Alongside partners Loris Ognibene and Boris Mathias, Kazakhstan-born, Toronto-based Tatiana Sheveleva co-founded international award-winning firm Chapi Chapo Design in 2011. Ognibene, a Toronto native, Mathias, who hails from Paris, and Sheveleva, who studied in Canada, all bring architecture and design expertise from their varying backgrounds, experiences and global influences.
It’s likely avid travelers have seen or experienced Chapi Chapo’s design even without knowing, as the firm’s portfolio includes the Ritz-Carlton, Mexico City; The St. Regis Toronto; Four Seasons Toronto Residences; and more. They’ve also worked with brands like Hilton, Mandarin Oriental, Baccarat and Andaz and design high-end residences, restaurants, retail spaces, spas and wellness clubs.
When approaching a project, Sheveleva doesn’t believe in infusing her and her co-founders’ personal tastes into projects, but instead focuses on timeless design. Chapi Chapo’s current new projects include The St. Regis Cap Cana Resort in the Dominican Republic, opening in 2024; the highly anticipated St. Regis Kanai in Mexico’s Yucatán Peninsula, opening in early 2023; and The Ritz-Carlton Paradise Valley, The Palmeraire, opening in Q4 of 2023 in Scottsdale, Arizona where the firm designed the bars and restaurants.
“When we get a project, the inspiration comes from the client and the location,” she tells Robb Report. “For example, the St. Regis Cap Cana is the brand’s first luxury hotel in the Dominican Republic. We spend a lot of time researching the location and understanding the local culture. For us, we want to create something at the resort that is unique and tells the stories of the location and culture through materiality and colors.”
One of her proudest projects is the St. Regis Kanai in Mexico, which she calls her “breakthrough” project. She and her team have been working on the Mayan Riviera property for seven years, which is situated within a 620-acre nature reserve. The hotel is built over a mangrove and the architecture of the resort, which from above looks like modern intersecting circles built from white concrete, is inspired by the geometry of the local mangroves, as well as the Mayan constellation Pleiades, the celestial birthplace of the Mayans. Chapi Chapo worked in tandem with architecture firm Edmonds International, who conceptualized the concept. It’s a project close to her heart.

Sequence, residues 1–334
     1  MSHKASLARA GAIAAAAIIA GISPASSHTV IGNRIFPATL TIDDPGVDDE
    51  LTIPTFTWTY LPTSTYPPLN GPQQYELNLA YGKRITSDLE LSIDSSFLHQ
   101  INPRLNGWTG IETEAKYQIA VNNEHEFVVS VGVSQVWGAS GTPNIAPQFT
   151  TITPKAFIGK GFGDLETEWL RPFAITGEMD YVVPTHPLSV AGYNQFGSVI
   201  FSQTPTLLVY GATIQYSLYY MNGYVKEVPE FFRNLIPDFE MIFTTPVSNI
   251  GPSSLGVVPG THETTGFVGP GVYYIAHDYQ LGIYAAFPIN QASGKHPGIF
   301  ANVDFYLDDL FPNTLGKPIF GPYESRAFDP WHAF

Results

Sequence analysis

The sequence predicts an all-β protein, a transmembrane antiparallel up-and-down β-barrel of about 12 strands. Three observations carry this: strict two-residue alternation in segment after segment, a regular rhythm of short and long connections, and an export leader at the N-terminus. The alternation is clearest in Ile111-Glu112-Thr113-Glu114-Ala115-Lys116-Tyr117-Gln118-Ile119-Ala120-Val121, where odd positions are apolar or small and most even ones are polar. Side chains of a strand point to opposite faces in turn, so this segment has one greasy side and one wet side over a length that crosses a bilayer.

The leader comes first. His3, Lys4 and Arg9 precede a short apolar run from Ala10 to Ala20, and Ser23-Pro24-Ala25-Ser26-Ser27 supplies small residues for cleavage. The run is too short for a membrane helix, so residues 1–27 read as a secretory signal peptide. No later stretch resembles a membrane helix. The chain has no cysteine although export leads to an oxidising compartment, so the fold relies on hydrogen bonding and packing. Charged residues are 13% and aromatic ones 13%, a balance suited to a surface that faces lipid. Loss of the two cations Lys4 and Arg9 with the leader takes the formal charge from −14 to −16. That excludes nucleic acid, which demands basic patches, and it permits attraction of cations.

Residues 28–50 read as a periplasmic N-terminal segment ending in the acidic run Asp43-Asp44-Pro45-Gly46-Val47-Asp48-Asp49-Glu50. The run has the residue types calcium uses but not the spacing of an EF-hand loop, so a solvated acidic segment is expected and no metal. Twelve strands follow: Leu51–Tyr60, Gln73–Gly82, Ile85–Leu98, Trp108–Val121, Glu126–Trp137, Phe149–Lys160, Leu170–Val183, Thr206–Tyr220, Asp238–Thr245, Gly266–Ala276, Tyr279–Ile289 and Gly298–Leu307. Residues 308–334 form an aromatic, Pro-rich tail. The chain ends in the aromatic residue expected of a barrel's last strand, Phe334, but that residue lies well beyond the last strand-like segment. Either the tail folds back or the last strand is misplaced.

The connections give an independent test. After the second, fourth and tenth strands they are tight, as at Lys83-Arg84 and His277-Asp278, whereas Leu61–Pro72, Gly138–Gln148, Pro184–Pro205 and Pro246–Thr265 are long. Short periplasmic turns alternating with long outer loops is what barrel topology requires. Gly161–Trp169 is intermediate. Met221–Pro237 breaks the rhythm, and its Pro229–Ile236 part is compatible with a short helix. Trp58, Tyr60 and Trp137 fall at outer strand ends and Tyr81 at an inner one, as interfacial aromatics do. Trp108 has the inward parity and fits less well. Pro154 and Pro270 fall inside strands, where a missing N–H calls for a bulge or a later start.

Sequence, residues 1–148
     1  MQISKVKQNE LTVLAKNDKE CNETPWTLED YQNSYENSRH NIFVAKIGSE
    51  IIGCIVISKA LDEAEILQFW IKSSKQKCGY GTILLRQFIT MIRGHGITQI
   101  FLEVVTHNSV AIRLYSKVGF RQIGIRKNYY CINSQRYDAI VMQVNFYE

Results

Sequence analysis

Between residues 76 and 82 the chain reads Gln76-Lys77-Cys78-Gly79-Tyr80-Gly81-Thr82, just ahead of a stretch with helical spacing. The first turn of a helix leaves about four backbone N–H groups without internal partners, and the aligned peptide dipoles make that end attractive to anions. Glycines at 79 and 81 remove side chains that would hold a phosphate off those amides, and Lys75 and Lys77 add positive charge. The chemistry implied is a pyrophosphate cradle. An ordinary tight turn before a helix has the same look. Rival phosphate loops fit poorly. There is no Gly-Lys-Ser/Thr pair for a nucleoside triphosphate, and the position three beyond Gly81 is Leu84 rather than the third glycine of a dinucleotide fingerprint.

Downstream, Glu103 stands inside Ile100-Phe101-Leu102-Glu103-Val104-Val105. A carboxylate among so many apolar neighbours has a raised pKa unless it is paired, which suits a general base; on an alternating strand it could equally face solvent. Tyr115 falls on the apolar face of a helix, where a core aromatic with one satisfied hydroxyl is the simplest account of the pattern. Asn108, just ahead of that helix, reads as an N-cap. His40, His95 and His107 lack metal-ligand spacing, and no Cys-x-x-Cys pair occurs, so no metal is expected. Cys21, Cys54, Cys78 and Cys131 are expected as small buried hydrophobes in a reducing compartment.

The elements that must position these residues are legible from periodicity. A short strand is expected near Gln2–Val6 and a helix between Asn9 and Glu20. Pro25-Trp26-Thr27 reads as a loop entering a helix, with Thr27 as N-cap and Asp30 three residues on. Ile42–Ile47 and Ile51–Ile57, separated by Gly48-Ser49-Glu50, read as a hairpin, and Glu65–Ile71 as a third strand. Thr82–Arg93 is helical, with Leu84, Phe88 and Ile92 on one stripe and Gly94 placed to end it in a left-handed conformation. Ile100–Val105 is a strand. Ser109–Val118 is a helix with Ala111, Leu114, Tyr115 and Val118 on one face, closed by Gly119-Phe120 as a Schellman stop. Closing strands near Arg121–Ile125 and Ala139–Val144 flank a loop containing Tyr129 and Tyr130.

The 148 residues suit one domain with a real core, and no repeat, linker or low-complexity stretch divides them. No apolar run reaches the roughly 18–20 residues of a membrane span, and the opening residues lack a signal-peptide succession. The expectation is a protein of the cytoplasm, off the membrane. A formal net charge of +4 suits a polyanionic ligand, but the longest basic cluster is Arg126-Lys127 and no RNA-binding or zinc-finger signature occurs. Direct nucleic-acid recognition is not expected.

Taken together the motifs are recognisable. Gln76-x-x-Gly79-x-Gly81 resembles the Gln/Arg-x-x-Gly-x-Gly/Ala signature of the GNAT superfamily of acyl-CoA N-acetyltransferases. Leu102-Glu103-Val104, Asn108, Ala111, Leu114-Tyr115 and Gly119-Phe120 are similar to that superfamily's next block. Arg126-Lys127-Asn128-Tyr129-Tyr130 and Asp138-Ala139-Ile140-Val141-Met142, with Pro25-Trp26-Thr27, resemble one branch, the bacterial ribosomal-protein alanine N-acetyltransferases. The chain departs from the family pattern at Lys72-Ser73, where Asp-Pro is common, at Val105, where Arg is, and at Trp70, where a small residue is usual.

On any project Sheveleva tackles, she hopes to create an immersive journey, whether it’s incorporating a never-before-seen local stone or creating a dramatic moment in something as simple as a bathroom. Above all, she looks at challenges as opportunity and embraces innovation. She distills this desire to excel down to her mother.
“My mom was a great example of a strong independent woman who worked in a government job in Kazakhstan with a hundred people under her,” she says. “I never felt discrimination for being a woman in a male dominated industry until my first job when I discovered my male counterpart made 40 percent more than me. People, unfortunately, treat women differently than men. Despite my accomplishments with Chapi Chapo, I still attend meetings where I’m the only woman in a room of 20 men. Unfortunately, we need to work much harder to earn the same amount of respect.”
Perhaps what she credits to her success is her confidence in delivering phenomenal work.
“I’m a strong, ambitious and confident woman, and I don’t have to apologize for that,” she says.